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NL Roundup 10.29.04
Why I rooted against the Red Sox
by Hubert Huang on Oct 29, 2004
A grown man lay on the beer-strewn ground of a crowded pub, his friends knelt beside him, patting the man on his back or simply resting a consoling hand on his shoulder. As the throngs jockeyed for position to overflow onto the streets, he remained in the same place. The man's body convulsed violently with each progressive gasp for air, as he valiantly, but unsuccessfully, attempted to hold back tears.
This was the scene in Boston after Keith Foulke underhanded the ball to Doug Mientkiewicz for the 27th and final out of the deciding game of the World Series.
For the first time in 86 years, Boston had a reason to celebrate the end of October other than Halloween.
However, while those in Boston have waited patiently to celebrate, as I watched the World Series, I found myself silently rooting for the other team in red; the one with a bird for a mascot, not a piece of clothing. Rooting for Boston was certainly the fashionable thing to do. After all, everyone likes to root for the tortured when the torturers finally receive their comeuppance.
It was just about a month ago that every team I felt even the slightest affection toward was eliminated from playoff contention. First the Cubs were swept to the side of the playoff picture, and then the Athletics followed just a few minutes later. By the next day, the Giants too were relegated to the role of playoff observer.
Only Boston remained.
And because I felt something between mild disapprobation and utter hatred for the other septet of teams, it was clear where my loyalties laid. However, after the Red Sox came back to tie their series with the Yankees after losing the first three games, my sentiments violently shifted.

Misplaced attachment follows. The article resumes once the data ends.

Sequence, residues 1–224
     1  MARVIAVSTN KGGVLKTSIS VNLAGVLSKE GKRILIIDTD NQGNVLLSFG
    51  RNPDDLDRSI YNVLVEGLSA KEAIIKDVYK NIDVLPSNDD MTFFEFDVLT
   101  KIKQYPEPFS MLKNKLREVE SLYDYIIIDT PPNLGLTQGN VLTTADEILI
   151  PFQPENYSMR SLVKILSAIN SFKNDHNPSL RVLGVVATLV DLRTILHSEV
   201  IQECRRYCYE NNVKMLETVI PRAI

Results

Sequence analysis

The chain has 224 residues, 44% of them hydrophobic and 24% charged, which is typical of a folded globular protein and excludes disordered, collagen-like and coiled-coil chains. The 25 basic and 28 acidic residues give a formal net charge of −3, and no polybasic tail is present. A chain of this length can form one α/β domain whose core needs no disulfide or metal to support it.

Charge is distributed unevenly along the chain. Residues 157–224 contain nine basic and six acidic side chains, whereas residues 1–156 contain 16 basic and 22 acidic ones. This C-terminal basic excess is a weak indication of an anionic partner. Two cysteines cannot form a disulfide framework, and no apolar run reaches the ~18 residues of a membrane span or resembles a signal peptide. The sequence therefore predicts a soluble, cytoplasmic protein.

I found myself rooting for the team that I normally possessed unadulterated disdain for. It was unquestionably right that the Curse had to continue. And what better way to perpetuate the curse than to almost complete the greatest turnaround in American sports, only to lose it in heartbreaking fashion to the one that has tormented you for nearly nine decades.
By now though, everyone knows the story. The Red Sox won game seven against the Yankees and then rolled over St. Louis in uneventful fashion. In the process, they became only the fourth team in Major League history to win the World Series without trailing for a single moment of any game.
However, whatever affection I had for the Red Sox, and especially their loyal fan base, has dissipated now that they've shed their lovably losing ways. Young Bostonians won't require the same dedication to cheer on the Red Sox, because they've won. New Boston fans will be no different than fans of any other winning team. They won't have endured the pain of rooting for a guaranteed loser that is necessary to build character in sports fans.
Come next spring, the Red Sox will no longer the team that we all knew.
They'll be the team that expends $100,000,000 without a second thought who won the World Series last year. To me that doesn't sound all that different than a description of a nearby team: the Yankees.
Plus, the Red Sox have unconscionably abandoned their partners in misery, leaving the Cubbies to sit alone as the paragon of baseball ineptitude.
Cross one more team off the list of clubs to root for. The Red Sox are no longer a friend of mine.
Special commendation this week goes to Nomar Garciaparra. Need more be said?
As always, comments are welcome and can be sent to [email protected].
by Hubert Huang on Oct 29, 2004
(Globe Photo / Evan Richman)